Featured NCORP Trials

MUSC Hollings Cancer Center and its affiliate network are one of just 14 National Cancer Institute Minority/Underserved Community Oncology Research Program (NCORP-MU) sites in the country. The goal of the NCORP-MU program is to make cancer clinical trials more accessible by offering them in the communities where patients live, with a particular focus on areas with minority and underserved populations. The NCORP-MU program is part of Hollings' larger efforts to reduce health disparities and unequal access to care across South Carolina.

There are a number of important NCORP trials studying ways to improve cancer care delivery, prevention, and symptom management. Details on a few of these featured NCORP trials are listed below.

If you or someone you know would like more information about how to participate, click on the study-specific links to submit your information. It will be reviewed by a member of our Hollings clinical trials team. For more information, you may also submit a contact form and someone will reach out to you.

Internet-delivered Management of Pain Among Cancer Treatment Survivors (IMPACTS)

Principal Investigator: Dr. Sarah Tucker Price

IMPACTS has public funding from the National Cancer Institute (NCI), part of the National Institutes of Health (NIH) in the United States Department of Health and Human Services.

IMPACTS is an internet-based study used to determine if the program will reduce pain or improve pain impact on daily activities. This study compares the usual pain care plus pain education versus the internet-based pain program plus usual care with pain education. To complete an initial eligibility screening, follow the link below.

IMPACTS Eligibility Screening Survey

Early Onset Malignancies Initiative (EOMI)

Principal Investigator: Dr. Angela Yoon

The EOMI study is investigating the changes that can cause cancers to occur at an earlier age than might be expected (early cancer onset). This is a specimen and data collection study where specimens (blood and excess tissues not needed for diagnosis) and clinical data will be collected for genetic testing.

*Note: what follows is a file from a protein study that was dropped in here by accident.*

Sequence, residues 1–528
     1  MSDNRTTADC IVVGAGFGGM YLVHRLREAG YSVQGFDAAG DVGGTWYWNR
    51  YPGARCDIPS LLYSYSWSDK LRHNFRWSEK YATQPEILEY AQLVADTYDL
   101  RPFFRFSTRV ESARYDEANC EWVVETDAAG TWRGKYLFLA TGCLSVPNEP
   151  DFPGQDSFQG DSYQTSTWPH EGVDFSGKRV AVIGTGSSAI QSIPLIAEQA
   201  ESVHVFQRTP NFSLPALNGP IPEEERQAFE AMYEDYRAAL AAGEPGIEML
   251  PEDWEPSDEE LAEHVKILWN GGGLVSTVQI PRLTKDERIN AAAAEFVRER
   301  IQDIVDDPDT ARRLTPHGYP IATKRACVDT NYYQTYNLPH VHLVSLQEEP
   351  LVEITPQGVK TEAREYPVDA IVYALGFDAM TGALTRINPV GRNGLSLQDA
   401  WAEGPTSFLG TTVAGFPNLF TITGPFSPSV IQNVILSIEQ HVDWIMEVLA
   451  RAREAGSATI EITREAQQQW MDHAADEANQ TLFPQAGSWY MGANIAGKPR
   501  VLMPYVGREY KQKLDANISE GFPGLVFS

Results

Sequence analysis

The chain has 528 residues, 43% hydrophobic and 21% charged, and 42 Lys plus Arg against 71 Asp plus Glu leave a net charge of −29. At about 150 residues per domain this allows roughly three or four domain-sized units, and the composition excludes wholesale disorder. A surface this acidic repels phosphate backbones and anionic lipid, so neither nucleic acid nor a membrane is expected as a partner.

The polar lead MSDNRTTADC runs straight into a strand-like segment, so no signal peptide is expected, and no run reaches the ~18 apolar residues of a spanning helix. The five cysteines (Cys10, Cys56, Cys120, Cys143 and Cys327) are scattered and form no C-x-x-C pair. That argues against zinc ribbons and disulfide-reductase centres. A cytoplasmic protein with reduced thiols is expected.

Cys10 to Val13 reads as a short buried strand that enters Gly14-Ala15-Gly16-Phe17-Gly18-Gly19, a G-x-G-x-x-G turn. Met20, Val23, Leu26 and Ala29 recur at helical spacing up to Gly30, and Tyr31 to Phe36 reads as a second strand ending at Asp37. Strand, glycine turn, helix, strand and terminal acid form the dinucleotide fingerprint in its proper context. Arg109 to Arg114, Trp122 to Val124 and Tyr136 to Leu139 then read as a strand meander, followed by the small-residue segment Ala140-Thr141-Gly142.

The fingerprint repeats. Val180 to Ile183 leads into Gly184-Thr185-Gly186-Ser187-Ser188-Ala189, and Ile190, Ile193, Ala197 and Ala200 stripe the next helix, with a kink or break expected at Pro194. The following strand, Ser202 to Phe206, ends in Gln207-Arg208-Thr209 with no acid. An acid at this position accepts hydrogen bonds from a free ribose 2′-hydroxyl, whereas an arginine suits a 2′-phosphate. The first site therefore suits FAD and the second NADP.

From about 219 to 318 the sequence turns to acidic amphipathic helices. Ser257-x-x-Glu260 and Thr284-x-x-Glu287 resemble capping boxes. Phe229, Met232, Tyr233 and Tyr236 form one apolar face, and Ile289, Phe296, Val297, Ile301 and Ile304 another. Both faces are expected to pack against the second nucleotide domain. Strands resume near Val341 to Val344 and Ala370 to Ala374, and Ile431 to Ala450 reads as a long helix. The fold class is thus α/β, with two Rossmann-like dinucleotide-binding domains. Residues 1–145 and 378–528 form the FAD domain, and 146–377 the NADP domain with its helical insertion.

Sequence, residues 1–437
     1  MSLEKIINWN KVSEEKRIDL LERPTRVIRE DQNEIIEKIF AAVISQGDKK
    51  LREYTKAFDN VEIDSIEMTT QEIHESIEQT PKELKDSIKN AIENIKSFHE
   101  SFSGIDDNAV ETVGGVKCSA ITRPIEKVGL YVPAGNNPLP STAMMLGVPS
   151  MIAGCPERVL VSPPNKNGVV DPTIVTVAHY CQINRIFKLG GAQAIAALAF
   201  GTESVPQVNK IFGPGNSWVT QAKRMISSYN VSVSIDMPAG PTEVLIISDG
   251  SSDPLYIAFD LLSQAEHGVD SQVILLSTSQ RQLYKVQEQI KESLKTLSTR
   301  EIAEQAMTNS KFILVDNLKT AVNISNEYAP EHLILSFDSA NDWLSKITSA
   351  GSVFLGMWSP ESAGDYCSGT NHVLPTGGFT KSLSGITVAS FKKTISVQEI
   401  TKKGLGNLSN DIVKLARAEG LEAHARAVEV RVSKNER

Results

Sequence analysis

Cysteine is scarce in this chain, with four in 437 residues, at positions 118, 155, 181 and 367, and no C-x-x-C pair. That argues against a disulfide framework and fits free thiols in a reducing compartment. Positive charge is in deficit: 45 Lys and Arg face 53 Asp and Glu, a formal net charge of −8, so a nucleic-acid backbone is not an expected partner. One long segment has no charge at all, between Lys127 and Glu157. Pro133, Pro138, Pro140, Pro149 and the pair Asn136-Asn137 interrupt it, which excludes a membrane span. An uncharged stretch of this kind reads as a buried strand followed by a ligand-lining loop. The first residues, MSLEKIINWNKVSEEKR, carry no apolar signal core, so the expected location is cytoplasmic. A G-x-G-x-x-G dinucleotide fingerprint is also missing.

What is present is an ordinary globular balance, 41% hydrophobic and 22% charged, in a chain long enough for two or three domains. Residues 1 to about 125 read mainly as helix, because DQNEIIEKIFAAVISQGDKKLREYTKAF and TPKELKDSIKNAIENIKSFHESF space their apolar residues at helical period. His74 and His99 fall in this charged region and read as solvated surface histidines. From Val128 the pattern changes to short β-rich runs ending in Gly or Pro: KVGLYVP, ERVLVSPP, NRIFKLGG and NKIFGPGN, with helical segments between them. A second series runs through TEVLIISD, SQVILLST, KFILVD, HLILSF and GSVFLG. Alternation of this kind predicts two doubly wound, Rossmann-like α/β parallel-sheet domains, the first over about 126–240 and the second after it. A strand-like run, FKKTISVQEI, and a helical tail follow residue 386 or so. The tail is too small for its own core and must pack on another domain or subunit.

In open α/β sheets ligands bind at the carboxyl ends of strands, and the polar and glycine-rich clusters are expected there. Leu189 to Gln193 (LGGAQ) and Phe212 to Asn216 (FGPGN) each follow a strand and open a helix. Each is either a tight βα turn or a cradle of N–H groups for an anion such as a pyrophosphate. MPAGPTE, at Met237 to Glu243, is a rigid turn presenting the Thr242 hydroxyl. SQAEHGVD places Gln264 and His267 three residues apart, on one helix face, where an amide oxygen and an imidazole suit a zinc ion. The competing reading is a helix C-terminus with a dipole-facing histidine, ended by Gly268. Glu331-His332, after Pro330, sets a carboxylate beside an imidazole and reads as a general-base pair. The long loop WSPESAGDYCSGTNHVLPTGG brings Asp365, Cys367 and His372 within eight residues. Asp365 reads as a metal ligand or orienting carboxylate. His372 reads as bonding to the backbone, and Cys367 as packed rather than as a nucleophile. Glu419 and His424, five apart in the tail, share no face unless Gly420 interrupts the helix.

Another important focus of this study is to address disparities in cancer, that is, why some racial and ethnic groups bear a heavier burden compared to the general population (more cases, poorer outcomes, higher death rates). This information should lead to better ways to prevent, detect, and treat cancer, as well as help to improve outcomes in racial and ethnic groups. To complete an initial eligibility screening, follow the link below.

EOMI Eligibility Screening Survey

Disparities in REsults of Immune Checkpoint Inhibitor Treatment (DiRECT)

Principal Investigator: Dr. Albert Lockhart

This observational research study focuses on patients receiving immune checkpoint inhibitors (ICIs), a type of immunotherapy for cancer treatment. This study is being done to understand and improve the treatment experience and outcomes in both European American/Caucasian and African American/Black patient groups by collecting blood, saliva (or spit) and tumor tissues at each infusion timepoint.

Investigators want to make sure all patients regardless of race can benefit from receiving immunotherapy. Patients must be scheduled to receive an anti-PD-1/-L1 immune checkpoint inhibitor (ICI) for the first time, alone or in combination with co-treatments. To complete an initial eligibility screening, follow the link below.

DiRECT Eligibility Screening Survey